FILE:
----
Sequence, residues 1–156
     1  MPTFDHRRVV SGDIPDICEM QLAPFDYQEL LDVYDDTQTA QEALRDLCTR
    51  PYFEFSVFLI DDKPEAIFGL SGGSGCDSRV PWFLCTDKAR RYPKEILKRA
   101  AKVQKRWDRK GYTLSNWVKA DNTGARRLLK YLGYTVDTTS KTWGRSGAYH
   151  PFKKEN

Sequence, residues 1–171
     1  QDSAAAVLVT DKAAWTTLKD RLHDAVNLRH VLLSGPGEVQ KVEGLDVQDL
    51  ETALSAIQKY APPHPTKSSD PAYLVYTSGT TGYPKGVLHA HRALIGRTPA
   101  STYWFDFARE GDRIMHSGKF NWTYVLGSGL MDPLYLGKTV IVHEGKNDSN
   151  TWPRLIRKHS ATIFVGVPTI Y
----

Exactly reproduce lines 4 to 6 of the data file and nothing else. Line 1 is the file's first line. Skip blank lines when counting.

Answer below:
   101  AKVQKRWDRK GYTLSNWVKA DNTGARRLLK YLGYTVDTTS KTWGRSGAYH
   151  PFKKEN

Sequence, residues 1–171